The contract, however, still needs to be ratified by rank-and-file pilots to take effect. Voting will run through July 15.
United CEO Scott Kirby said Friday the deal, if passed, would benefit both the union and his airline, as well as other players in the industry affected by the shortage, which came after the companies reduced staffing early in the pandemic, and have since struggled to bounce back.
Travel rates, meanwhile, have returned to pre-pandemic paces – sparking fears ahead of the July 4 weekend that the airlines will not be able to keep up with that demand.
Multiple travelers have taken to Twitter to complain about recent experiences with the airlines – airing grievances ranging for broken or lost luggage, unannounced cancellations, and all-around bad service.
One passenger took to the platform earlier in the week to report that Delta lost their bags.
‘My wife and I have had a terrible experience with Delta and Air France,’ the user wrote.
‘Our bags have been missing for over 2 days and WE CANT GET ANYONE AT DELTA OR AIR FRANCE TO HELP. And I’m Diamond. Don’t ever fly @Delta with a connection via @airfrance. They simply don’t care.’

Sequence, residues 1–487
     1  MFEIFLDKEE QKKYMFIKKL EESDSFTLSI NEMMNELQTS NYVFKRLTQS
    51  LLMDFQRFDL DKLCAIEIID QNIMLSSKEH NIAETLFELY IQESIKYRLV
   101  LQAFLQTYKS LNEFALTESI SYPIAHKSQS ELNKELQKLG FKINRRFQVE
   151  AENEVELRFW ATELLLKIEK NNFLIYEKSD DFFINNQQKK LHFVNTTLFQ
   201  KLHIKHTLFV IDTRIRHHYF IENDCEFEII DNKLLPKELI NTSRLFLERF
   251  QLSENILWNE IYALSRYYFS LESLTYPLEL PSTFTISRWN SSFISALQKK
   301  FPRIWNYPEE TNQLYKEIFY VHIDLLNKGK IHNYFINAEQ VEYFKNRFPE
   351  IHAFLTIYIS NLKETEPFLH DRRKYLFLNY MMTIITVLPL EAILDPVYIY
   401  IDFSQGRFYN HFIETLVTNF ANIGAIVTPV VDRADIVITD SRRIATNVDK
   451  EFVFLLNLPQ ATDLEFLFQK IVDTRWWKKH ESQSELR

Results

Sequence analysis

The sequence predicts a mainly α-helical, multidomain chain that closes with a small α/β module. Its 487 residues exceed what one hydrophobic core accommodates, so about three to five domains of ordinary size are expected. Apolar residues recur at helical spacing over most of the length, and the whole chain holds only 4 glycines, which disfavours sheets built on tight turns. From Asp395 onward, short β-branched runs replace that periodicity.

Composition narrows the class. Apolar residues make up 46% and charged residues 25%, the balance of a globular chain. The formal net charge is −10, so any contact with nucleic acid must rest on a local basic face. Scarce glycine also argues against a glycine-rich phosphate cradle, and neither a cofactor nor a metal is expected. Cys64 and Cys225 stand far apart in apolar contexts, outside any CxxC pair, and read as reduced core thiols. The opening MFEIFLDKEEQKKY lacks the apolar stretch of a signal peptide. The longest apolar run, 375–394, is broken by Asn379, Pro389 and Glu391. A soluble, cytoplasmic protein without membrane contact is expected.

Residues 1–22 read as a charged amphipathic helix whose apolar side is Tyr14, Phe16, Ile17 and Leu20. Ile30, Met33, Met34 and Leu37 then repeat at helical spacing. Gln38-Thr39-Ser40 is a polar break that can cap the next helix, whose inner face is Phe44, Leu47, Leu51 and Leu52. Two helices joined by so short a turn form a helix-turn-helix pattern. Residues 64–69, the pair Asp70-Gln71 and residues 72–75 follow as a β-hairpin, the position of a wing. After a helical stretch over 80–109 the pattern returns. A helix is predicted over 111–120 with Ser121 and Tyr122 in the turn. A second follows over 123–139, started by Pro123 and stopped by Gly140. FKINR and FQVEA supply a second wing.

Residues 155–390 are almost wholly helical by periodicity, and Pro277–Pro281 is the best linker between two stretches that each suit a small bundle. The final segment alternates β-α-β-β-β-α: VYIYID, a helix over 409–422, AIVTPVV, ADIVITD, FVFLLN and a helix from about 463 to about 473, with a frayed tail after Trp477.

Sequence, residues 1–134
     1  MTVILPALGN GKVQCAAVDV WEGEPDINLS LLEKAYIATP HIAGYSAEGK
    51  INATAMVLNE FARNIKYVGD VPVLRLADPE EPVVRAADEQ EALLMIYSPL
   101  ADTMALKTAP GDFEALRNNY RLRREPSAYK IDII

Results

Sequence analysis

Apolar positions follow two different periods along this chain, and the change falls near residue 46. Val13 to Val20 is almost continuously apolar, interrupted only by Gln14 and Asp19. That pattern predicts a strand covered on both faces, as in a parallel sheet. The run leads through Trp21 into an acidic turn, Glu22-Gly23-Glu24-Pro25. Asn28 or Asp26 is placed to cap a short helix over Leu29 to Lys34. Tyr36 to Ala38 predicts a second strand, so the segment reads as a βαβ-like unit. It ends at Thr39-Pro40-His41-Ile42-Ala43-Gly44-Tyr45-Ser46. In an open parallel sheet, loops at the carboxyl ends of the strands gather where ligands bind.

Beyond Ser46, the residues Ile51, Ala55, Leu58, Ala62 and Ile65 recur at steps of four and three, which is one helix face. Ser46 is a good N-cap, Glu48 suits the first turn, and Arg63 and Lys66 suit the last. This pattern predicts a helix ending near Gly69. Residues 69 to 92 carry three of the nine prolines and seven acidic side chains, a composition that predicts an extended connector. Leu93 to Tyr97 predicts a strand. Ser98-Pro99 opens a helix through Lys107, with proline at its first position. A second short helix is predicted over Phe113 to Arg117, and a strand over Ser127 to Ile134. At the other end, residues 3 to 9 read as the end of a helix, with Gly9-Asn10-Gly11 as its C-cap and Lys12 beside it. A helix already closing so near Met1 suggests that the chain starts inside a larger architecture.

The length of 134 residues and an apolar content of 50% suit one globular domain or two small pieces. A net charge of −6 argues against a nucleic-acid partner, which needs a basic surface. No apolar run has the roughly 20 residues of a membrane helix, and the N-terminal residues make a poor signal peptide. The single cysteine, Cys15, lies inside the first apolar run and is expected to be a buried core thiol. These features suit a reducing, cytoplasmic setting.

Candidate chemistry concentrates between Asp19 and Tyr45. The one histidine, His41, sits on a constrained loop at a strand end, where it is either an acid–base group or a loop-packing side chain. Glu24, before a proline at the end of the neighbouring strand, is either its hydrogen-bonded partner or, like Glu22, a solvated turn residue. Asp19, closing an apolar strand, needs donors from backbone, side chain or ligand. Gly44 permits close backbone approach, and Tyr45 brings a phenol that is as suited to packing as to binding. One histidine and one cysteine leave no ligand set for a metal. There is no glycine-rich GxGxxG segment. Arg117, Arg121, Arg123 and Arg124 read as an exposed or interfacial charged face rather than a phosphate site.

Two days later, on Saturday, the pair had still not been returned their luggage.
‘On our last day in Italy and still no luggage. despite numerous calls, @airfrance and @Delta have no idea where our luggage is. Frustrated and angry.’
Another complained that a Delta flight took to the skies with a broken door, with staffers not realizing the flub until after the plane landed.
‘Yo @Delta just landed and found out there was a broken door? Can’t believe y’all let planes take off like that,’ the traveler wrote.
Another complained to the airline of disorganized staffers at one of its gates at Ronald Reagan Washington National Airport in Arlington, Virginia, which stressed out his young son who he said suffers from anxiety.
‘@Delta the amount of confusion today @Reagan_Airport at gate B19 when having my 11 year old son take his first flight by himself to see his grandmother was appalling,’ the user wrote, tagging Delta in the post.
‘The performance of the gate agents heightened his anxiety. You need to do better.’
Another posted long lines seen at Delta gates in New York’s LaGuardia Airport.
‘Looks great,’ the user sarcastically wrote in a reply to a post from the airline promoting a posh ‘Sky Club’ opening at the New York airport. ‘Now staff it,’ the onlooker added.